Japan represents untapped market for ride-hailing giants
Japan is something of an underdeveloped market for ride-hailing, but that may be on the cusp of changing.
Chinese transportation company DiDi, for instance, just announced a trial of a premium transportation service, ferrying passengers about in Tesla Model S, Mercedes Benz S-class and Lexus LS vehicles. It’s mode of transport befitting the formality of Japanese taxi drivers, who tend to wear uniforms and gloves. According to CNN, DiDi is overcoming the inability of gloved drivers to touch phone with a new voice control feature on its app.
Didi already operates in Japan, beginning in September of last year thanks to a joint venture with SoftBank called DiDi Mobility Japan, but only in Tokyo, Osaka, Kyoto and Nagoya. Though Uber does operate in the country, it is in collaboration with local taxi services owing to a law preventing private car owners from carrying passengers for fares. Nevertheless, the service operates in 14 locations including the obligatory Osaka and Tokyo.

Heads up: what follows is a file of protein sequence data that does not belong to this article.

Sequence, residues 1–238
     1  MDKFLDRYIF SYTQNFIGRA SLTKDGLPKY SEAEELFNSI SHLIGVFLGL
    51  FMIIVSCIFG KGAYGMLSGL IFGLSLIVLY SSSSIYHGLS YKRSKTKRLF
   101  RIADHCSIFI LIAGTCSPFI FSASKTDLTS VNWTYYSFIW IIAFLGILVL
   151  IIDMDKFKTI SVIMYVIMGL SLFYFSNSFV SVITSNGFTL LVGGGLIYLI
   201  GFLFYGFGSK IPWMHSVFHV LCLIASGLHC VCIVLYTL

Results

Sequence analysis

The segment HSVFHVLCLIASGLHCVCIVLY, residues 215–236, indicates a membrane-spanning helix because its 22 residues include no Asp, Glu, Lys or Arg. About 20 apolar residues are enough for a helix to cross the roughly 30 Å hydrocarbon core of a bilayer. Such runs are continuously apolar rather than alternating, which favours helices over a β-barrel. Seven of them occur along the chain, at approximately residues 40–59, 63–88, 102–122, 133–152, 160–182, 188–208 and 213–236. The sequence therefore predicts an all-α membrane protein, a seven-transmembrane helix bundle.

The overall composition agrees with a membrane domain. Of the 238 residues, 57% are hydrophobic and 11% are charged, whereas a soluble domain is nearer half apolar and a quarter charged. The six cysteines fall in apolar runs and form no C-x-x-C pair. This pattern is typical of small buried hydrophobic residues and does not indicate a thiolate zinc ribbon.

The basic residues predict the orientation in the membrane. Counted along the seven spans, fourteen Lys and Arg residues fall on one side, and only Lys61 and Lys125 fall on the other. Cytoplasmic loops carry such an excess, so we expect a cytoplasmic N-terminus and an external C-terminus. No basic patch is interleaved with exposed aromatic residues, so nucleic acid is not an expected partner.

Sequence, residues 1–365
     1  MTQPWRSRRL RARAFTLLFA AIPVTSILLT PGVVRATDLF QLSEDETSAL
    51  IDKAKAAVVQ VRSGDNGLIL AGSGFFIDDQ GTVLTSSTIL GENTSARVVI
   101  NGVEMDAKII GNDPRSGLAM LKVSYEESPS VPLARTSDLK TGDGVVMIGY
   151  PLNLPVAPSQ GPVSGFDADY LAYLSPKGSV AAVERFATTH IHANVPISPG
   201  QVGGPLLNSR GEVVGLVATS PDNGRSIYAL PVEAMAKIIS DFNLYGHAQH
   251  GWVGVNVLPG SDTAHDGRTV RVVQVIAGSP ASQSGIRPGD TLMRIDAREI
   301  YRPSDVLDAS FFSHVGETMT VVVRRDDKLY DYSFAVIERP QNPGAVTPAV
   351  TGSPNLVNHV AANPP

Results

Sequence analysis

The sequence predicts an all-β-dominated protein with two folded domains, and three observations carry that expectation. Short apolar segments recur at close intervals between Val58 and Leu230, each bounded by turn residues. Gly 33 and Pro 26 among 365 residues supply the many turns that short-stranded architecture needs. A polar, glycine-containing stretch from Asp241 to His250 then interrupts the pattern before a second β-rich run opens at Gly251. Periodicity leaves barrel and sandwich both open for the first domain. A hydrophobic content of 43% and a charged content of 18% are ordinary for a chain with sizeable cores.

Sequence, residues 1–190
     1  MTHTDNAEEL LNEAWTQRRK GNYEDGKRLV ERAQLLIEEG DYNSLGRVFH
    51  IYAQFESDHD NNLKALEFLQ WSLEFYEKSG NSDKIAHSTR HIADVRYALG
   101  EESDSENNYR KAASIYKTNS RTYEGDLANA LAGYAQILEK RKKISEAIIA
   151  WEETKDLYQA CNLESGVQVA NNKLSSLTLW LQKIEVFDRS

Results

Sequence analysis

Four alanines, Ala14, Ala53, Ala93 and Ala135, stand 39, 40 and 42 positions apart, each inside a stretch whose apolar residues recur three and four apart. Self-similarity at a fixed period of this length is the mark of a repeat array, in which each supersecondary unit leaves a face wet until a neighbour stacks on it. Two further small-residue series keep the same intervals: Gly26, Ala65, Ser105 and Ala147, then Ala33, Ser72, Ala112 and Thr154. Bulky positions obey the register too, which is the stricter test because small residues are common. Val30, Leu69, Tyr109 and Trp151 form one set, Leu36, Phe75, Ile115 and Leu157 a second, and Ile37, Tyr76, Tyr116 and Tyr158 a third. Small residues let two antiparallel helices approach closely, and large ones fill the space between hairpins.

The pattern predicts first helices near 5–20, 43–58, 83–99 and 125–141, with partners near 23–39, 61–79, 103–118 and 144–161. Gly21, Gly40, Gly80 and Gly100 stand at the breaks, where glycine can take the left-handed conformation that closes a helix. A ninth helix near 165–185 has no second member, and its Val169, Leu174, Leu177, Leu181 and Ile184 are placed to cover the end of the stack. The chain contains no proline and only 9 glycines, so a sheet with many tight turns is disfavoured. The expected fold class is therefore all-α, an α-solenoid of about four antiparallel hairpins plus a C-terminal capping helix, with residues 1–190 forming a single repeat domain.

A report from McKinsey last year referenced the unique market inspired by the law, saying: “By forming partnerships, mobility players can initially develop use-case-driven solutions that solve specific transportation challenges for people and businesses in Japan. The expansion of such partnerships into ecosystems could ultimately unlock significant benefits”.
Singaporean ride-hailing giant Grab only recently began operating in the country, albeit in a similarly roundabout way, and exclusively for users from Indonesia and Singapore. Local competitor JapanTaxi has the largest share of the market and operates in the most locations. Even electronics giant Sony has been inspired to join the melee for potential passengers with S.Ride.
The necessity of improved transportation is being re-iterated by the upcoming Tokyo Olympics and the influx of athletes, not to mention spectators. Taking place in July and August, some 600,000 people are expected to attend, representing a blossoming market, without taking into account the associated tourism drive. The government expects to attract 40mn people spending ¥8trn in 2020.